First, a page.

"The court should be LeBron’s sanctuary, free from the media and the hate, where he can just play. “What should I do?” LeBron asks. He should rise to the occasion, play, win and let his game speak for itself. Titles and legacy are within his reach, but he must be clutch amid the pressure. His cage is not permanent, he can free himself if only he roars and really lets the league have it. Then he will be free."

     LeBron failed. And he can't accept criticism, only point fingers even if that means pointing them straight up. Using God as a crutch won't endear you to anybody, nor will the cocksure attitude of simultaneously re-affirming his uninterrupted, self-imposed destiny to win multiple titles and be called The Greatest Of All Time. LeBron averaged just 2.2 points in the 4th quarters of this series and clearly shrunk from the moment. Still, LeBron gets his way in the end; everybody will make this series and this season about him and what he did or didn't do, rather than give the Mavs the credit they deserve. It's just a better story.

     When Mark Jackson said at the mid-way point of the third quarter, "you look at the body language [of this Heat team] and it looks like a heavy weight champ that realizes he's held on too long, he's in trouble," I too realized that it was too late for a comeback, and a Mavs 2011 title was a reality. The Heat were against the ropes. The Heat were done. The only reason I would have wanted the Heat to win this series was so that we didn't all have to go through this, the questioning, the doubting, the LeBron having to awkwardly explain himself, but here we are. And it all kind of does feel like a rite of passage, a bump on the way to a dynasty which we can reluctantly agree with LeBron still seems probable, but it is one that will have to be rightly earned.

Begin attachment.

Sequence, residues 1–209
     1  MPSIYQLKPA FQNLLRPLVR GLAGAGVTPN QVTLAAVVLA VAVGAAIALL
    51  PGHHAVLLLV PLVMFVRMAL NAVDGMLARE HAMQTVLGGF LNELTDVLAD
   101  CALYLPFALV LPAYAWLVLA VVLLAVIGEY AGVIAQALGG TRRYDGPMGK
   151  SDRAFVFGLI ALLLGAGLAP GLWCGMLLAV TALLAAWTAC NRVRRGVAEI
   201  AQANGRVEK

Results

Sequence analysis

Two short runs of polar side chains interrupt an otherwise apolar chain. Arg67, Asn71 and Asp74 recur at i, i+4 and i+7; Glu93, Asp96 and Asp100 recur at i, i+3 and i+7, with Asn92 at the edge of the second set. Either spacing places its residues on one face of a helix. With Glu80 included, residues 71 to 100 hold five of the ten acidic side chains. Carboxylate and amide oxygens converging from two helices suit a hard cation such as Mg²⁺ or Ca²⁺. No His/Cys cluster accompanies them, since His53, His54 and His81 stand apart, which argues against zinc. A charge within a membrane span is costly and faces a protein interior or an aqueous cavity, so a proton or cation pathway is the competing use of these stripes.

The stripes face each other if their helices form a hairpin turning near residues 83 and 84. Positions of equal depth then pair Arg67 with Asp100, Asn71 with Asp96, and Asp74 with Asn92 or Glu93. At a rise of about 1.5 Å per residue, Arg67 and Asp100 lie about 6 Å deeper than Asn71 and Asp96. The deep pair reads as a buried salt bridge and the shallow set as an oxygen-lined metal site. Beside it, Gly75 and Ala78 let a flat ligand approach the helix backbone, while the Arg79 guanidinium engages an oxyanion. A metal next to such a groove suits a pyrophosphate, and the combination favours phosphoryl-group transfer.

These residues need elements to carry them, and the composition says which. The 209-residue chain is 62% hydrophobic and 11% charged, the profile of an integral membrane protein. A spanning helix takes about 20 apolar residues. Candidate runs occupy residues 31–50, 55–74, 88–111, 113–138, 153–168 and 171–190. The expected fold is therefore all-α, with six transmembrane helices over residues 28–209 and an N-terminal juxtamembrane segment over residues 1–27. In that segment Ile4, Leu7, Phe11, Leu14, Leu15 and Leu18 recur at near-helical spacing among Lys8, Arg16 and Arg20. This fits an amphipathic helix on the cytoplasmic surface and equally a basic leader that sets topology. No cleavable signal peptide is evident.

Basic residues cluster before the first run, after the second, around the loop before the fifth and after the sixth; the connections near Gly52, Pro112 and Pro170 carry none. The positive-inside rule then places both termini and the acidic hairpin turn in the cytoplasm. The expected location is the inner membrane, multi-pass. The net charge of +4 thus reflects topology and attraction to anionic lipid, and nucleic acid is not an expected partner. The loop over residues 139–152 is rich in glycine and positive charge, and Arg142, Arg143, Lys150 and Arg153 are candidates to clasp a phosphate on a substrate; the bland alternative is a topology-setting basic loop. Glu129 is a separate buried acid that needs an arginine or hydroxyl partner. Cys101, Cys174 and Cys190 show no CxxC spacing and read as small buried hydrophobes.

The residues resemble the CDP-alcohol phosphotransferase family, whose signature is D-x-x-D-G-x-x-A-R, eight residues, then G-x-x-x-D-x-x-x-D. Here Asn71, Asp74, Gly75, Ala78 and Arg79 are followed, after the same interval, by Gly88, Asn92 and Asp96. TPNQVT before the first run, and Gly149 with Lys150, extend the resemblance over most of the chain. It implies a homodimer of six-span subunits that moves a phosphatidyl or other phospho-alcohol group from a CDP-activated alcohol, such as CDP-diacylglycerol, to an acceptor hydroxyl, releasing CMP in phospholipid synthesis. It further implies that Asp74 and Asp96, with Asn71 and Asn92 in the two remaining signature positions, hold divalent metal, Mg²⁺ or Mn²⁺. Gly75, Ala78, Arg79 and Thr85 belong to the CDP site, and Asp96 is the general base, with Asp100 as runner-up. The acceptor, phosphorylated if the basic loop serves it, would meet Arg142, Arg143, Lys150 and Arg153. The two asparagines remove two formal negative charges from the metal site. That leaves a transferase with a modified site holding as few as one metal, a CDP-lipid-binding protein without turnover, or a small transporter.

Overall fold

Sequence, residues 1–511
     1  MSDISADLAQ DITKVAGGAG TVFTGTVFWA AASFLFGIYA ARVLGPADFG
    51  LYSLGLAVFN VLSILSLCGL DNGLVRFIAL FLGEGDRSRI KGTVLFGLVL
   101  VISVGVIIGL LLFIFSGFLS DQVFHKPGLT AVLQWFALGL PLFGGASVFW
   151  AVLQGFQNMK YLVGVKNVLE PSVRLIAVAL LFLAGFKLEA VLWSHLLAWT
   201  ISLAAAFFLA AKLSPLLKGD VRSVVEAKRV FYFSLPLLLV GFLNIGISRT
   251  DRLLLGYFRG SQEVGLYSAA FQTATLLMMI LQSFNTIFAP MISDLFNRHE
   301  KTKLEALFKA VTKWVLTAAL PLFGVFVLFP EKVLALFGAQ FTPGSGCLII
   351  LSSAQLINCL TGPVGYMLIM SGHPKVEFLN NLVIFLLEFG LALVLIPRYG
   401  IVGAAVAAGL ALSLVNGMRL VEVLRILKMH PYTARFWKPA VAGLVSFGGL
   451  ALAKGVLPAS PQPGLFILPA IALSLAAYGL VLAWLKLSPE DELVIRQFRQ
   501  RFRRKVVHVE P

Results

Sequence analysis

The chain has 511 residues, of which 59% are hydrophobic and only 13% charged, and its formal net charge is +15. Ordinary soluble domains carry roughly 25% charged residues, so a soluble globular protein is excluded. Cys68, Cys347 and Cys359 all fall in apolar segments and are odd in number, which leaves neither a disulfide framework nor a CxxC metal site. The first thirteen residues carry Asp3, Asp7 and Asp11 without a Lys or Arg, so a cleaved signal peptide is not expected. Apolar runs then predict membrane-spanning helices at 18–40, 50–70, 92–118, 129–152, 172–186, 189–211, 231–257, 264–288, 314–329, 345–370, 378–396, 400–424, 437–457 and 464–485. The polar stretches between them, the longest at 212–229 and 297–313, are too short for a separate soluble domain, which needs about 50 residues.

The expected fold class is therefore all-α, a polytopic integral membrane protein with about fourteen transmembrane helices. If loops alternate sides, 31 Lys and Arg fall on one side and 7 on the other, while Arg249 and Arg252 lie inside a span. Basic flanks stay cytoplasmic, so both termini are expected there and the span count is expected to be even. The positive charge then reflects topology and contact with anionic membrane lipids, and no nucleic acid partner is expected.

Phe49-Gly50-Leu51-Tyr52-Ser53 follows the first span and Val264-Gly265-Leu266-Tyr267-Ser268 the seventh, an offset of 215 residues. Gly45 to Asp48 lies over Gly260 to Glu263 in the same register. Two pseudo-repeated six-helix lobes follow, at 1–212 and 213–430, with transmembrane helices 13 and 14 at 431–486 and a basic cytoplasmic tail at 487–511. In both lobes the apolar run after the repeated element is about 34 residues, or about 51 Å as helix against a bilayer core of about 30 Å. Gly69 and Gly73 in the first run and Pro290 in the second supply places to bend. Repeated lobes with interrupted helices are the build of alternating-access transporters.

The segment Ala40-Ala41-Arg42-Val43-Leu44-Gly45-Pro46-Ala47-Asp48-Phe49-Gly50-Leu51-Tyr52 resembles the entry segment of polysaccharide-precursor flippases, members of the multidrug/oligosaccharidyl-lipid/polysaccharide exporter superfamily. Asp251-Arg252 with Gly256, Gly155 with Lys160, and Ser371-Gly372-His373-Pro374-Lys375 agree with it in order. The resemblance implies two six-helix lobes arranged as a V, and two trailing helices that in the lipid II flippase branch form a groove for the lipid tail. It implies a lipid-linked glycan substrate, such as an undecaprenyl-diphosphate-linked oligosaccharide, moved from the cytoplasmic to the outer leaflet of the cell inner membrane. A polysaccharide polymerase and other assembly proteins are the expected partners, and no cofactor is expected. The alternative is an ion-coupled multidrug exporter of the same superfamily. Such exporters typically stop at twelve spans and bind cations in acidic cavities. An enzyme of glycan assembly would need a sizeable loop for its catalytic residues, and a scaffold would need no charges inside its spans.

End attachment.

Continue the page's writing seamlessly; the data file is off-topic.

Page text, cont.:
Dirk Nowitzki, Jason Kidd, Shawn Marion and Tyson Chandler, Jason Terry, JJ Barea, DeShawn Stevenson, Brian Cardinal and Peja Stojacovic all deserved this championship. None of the players on the Mavs roster had ever won a championship ring before. And Rick Carlisle and Mark Cuban deserved this championship. And Miami didn't.

     Miami will be back. They'll come knockin' next year (lockout pending), and the next year and the year after that. Isn't it fair that they had to wait a bit? The Mavs were an aging team, that came together and meshed at the right moment to provide titles to many players who deserved it and may never get this close to another opportunity. The Heat can lick their wounds, and restock their arsenal, but they remain the walking drama machine that they have made themselves into for the foreseeable future of professional basketball. 'Beat the Heat' will be a fun phase of the NBA. It will be an evil dynasty, periodically interrupted, with every other team striving to keep up with the Jones'. And it'll be alot of fun. See you there.